Student Theses, Dissertations and Capstones

Document Type


Degree Name

Master of Science (M.S.) in Dentistry

Copyright Statement

All rights reserved. This publication is intended for use solely by faculty, students, and staff of Nova Southeastern University. No part of this publication may be reproduced, distributed, or transmitted in any form or by any means, now known or later developed, including but not limited to photocopying, recording, or other electronic or mechanical methods, without the prior written permission of the author or the publisher.


College of Dental Medicine

First Advisor

Chin-yu Lin

Publication Date / Copyright Date



Nova Southeastern University


Objectives: The objective of this in vitro study is to compare the resistance to sliding (RS) of coated and uncoated orthodontic archwires in ceramic brackets at various water-immersion times and bracket angulations. Background: Tooth-colored orthodontic systems have been developed to meet the patient’s esthetic needs. Ceramic brackets and polymer-coated archwires have been shown to demonstrate higher RS than metal brackets and archwires in dry conditions. However, there is no study to address the RS of coated archwires depending on water-immersion times as in the oral cavity. Therefore, it is necessary to examine RS of coated archwires sliding in ceramic brackets up to 4 weeks of water immersion. Methods: Four groups of 0.019 x 0.025inch stainless-steel archwires: uncoated (group U), Parylene-coated (group P), epoxy-coated (group E), and Teflon-coated (group T) were used. They were immersed for 0 week (T0), 2 weeks (T2), and 4 weeks (T4), in distilled deionized water at 37°C. The RS was measured by sliding the archwires in 0.022inch-slot sapphire ceramic brackets in 0° or 3° bracket angulation. Two general linear models were created to look for differences in RS with Tukey’s HSD for all post-hoc comparisons. The integrity of the archwires was observed under microscope after the sliding test. Results: At 0° bracket angulation, there was no difference in RS between T0, T2, and T4 in groups T & U. In group P, RS at T4 was higher than RS at T0 & T2. In group E, RS at T2 was higher than RS at T0 & T4. At 3° bracket angulation, there was no difference in RS between T0, T2, and T4 in groups P & U. In groups T & E, RS at T4 was highest following RS at T0, and RS at T2 in descending order. All groups showed a higher RS at 3° bracket angulation than RS at 0° bracket angulation in all water immersion times, with exceptions of group T at T2 as no difference was noticed between two bracket angulations, and of group E at T2 as RS at 3° was lower than RS at 0°. Comparing to other groups, group P showed the highest RS in various bracket angulations and water-immersion times. At 0° bracket angulation, group T showed less percentage of coating delamination than the other groups after sliding test. At 3° bracket angulation, all archwires of all groups showed similar coating delamination after sliding test. Conclusions: Resistance to sliding was changed when coated archwires were immersed in water for periods of time. Among the independent variables, surface coating and bracket angulation played a major role in the resistance to sliding.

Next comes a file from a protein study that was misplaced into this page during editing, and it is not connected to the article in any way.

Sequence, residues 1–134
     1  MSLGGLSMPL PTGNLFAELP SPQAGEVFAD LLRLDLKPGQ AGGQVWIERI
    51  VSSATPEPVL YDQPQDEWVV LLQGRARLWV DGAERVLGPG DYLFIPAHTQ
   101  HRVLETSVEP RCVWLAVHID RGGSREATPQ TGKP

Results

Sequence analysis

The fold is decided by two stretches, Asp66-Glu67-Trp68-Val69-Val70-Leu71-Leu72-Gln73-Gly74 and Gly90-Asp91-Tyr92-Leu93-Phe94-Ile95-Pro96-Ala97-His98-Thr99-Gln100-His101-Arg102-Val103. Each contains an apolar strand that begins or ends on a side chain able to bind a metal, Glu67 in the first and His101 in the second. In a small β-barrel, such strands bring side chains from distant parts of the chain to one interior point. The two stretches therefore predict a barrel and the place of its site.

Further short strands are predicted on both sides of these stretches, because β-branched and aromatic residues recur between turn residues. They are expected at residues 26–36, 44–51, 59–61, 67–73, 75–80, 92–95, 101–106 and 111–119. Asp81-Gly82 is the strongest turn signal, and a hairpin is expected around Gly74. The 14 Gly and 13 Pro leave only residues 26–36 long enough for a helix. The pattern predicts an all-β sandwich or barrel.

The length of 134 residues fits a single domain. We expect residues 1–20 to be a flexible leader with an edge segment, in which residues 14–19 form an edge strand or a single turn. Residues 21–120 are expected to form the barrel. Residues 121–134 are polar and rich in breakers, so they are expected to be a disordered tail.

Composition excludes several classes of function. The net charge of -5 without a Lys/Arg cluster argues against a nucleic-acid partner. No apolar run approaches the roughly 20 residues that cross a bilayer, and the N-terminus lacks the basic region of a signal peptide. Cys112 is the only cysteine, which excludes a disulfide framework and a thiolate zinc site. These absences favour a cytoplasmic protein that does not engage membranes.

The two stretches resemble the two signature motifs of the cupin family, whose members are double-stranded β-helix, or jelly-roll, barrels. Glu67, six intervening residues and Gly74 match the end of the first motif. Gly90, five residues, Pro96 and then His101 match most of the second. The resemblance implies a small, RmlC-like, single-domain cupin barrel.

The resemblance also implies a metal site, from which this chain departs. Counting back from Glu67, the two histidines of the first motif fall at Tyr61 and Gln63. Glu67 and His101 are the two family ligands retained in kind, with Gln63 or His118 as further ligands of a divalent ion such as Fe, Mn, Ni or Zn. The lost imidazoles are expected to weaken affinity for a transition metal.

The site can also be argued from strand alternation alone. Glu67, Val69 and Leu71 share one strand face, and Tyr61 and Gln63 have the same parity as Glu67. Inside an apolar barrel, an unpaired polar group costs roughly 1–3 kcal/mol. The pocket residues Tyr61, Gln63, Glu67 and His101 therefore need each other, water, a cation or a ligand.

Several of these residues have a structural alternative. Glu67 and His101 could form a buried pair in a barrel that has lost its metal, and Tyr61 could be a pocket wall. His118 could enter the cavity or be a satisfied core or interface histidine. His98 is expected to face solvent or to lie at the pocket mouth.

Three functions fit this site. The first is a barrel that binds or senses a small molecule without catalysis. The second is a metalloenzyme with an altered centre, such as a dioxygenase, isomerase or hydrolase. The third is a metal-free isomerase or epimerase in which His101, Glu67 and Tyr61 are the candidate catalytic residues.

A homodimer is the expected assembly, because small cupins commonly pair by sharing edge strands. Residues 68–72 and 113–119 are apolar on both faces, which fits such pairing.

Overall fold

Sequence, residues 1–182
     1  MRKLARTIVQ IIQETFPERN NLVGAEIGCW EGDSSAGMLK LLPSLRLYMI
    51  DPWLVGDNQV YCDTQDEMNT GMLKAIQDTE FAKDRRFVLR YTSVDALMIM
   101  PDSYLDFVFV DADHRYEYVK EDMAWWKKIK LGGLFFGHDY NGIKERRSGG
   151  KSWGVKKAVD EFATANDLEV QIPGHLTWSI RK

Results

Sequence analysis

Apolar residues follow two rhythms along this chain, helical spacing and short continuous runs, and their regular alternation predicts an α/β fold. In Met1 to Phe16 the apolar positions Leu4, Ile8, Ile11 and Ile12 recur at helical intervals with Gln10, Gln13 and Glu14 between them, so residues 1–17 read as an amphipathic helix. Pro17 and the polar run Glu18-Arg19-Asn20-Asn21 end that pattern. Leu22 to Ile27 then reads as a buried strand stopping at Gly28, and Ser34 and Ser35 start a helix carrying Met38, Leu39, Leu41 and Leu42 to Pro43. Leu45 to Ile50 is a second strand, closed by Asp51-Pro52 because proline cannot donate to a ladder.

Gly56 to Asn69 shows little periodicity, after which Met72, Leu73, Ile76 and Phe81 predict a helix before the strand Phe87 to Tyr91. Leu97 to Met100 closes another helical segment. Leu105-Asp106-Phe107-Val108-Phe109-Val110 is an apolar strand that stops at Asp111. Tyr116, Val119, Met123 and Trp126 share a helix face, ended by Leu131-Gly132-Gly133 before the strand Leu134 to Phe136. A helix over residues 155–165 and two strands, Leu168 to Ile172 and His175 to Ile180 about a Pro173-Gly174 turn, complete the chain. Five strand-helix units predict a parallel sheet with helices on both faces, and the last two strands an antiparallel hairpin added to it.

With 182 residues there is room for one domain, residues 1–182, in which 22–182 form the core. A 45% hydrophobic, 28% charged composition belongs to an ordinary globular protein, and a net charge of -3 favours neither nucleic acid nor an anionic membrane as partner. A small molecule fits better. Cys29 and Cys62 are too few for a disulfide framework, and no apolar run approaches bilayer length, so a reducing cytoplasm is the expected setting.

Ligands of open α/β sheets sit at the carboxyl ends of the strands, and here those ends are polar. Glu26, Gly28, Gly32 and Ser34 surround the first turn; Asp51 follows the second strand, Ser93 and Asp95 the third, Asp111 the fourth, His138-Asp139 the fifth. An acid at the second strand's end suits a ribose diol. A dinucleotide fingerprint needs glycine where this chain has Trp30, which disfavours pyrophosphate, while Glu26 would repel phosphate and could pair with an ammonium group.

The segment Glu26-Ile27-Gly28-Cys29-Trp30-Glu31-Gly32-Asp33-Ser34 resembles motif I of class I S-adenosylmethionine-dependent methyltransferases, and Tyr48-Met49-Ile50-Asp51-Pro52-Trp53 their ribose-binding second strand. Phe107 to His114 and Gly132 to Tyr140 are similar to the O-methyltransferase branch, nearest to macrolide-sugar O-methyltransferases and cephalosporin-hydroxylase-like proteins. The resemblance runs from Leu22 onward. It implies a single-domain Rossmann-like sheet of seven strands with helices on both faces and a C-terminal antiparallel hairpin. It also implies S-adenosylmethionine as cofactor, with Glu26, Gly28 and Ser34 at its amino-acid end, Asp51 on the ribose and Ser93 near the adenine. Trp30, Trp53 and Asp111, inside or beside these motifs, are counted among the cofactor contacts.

Aesthetic archwire, Coated archwire, Friction, Polymer coating, Resistance to sliding, Water immersion



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